/ 10 August 2010

Public servants push for more pay

Public Servants Push For More Pay

Public-sector unions representing more than a million workers staged a one-day strike on Tuesday, threatening an extended labour stoppage this week that could deal a blow to Africa’s largest economy.

Tuesday’s action increases pressure on President Jacob Zuma’s government to reach a deal by a Thursday deadline set by the unions to prevent a repeat of a prolonged public-sector strike three years ago that dented the economy and damaged support for Zuma’s predecessor.

Marches were held in Cape Town and Pretoria as part of a “total shut-down of the public service”, according to the Congress of South African Trade Unions.

Everything from schools to public offices were affected, although essential services such as police and hospitals were running on reduced staffing.

The Department of Home Affairs said immigration services at ports and airports had not been affected and measures had been taken at major airports to ensure minimal disruption.

Talks to resume
Unions and government negotiators planned talks later in the day, after the protest marches were over, union officials said.

“In a strike of this magnitude it is difficult to make sufficient contingency plans to ensure business runs as usual, but we have employed contract workers to make sure government departments will not be closed,” said Dumisani Nkwamba, a spokesperson for the Public Service Ministry.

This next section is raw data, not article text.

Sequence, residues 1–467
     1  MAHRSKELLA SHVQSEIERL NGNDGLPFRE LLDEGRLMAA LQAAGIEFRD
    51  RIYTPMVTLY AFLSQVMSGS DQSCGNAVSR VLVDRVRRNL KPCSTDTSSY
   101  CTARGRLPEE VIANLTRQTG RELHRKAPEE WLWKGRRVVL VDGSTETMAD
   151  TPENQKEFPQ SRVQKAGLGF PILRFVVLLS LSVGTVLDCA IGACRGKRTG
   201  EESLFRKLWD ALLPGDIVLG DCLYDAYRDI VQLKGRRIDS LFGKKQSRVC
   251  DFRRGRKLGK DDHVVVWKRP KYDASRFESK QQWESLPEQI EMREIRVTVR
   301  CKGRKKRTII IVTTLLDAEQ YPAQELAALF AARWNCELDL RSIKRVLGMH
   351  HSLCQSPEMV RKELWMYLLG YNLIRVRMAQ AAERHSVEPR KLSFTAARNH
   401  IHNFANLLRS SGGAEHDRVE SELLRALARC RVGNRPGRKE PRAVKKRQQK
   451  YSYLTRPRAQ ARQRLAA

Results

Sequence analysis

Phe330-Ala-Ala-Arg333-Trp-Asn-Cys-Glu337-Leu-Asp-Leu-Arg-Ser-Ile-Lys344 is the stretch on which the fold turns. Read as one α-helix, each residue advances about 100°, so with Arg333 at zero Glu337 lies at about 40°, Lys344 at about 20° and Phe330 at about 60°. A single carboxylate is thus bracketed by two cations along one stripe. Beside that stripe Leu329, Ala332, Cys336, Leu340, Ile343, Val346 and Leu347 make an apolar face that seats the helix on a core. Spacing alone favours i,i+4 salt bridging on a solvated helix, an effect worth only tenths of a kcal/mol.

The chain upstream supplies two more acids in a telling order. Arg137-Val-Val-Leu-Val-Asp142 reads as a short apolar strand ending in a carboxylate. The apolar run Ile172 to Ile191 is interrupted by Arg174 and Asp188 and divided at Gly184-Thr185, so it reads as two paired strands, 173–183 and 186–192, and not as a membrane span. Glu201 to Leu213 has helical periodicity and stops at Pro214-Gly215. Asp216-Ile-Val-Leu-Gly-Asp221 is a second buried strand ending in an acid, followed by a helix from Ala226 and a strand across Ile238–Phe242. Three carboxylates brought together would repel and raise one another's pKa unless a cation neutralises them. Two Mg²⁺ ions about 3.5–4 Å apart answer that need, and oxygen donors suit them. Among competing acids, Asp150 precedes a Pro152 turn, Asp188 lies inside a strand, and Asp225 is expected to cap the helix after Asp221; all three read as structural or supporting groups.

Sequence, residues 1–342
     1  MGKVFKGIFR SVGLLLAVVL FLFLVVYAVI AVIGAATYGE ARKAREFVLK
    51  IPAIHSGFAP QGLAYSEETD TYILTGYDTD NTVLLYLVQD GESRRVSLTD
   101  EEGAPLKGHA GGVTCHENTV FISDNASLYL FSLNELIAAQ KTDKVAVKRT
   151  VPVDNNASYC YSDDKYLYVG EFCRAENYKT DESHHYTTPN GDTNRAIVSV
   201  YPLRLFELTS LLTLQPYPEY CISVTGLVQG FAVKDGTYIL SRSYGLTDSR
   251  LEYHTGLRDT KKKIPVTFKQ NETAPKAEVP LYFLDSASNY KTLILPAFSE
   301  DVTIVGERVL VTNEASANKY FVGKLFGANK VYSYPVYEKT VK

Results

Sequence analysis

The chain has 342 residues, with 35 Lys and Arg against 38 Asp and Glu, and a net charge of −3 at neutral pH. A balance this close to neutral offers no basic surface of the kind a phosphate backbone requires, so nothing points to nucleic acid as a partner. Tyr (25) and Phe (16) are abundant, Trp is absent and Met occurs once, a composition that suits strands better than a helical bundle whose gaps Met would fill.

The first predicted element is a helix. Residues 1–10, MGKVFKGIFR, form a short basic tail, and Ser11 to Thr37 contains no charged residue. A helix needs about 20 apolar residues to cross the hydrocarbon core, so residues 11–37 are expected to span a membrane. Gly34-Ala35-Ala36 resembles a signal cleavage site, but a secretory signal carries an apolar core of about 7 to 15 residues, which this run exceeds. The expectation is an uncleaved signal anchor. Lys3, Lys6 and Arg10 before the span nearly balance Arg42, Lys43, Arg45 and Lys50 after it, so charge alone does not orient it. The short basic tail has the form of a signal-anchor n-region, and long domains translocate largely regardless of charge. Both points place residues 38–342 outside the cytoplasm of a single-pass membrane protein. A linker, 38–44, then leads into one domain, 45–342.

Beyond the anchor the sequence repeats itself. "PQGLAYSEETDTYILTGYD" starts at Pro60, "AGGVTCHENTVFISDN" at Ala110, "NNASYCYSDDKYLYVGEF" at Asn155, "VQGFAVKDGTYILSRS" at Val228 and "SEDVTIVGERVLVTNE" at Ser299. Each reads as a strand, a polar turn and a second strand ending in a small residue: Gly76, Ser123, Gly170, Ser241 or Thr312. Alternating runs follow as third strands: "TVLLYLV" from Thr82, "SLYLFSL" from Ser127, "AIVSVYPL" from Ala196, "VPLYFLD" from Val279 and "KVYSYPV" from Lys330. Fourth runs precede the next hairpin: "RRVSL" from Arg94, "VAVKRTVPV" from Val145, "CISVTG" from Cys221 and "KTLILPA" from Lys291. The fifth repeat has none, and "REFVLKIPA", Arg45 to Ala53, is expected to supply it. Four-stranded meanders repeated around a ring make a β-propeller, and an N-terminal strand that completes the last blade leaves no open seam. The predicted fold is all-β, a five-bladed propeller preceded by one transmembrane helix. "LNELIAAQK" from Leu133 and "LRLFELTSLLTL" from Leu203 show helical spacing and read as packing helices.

Unions want an 8,6% pay hike, twice the current rate of inflation, and a R1 000 monthly housing allowance.

“Failure to meet these demands by August 12 2010 will result in indefinite labour action by all unions until the demands are met,” Cosatu-affiliated unions said in a statement.

The government is offering 7% and R630 for housing, although analysts believe it is likely to raise its offer rather than risk a walk-out that would damage the economy.

“I think in two weeks or so it will be finished. If the strike keeps going on past September, then they are dangerous,” said Gary van Staden, a political analyst at independent economists NKC.

Analysts expect the African National Congress, which has a longstanding alliance with organised labour, to give in to the unions’ demands. But such a deal will make it hard to bring the deficit down from 6,7% of GDP without spending cutbacks elsewhere.

The government, which budgeted for wage increases based on a 5,2% inflation projection, has not said how much more it would spend under its offer or the deal sought by the unions.

In an indication of how costly the deal could be, just the R1 000 monthly housing allowance sought by the unions could account for more than 1% of the state budget.

The government said its offer package would amount to an average 9% increase for 1,3-million unionised public servants.

A mid-grade public-sector employee makes on average R8 800 a month in salary and benefits, above the national average wage of R6 383, according to government figures.

The central bank has also expressed concern about elevated pay increases stoking inflation in the wider economy, putting upward pressure on interest rates. — Reuters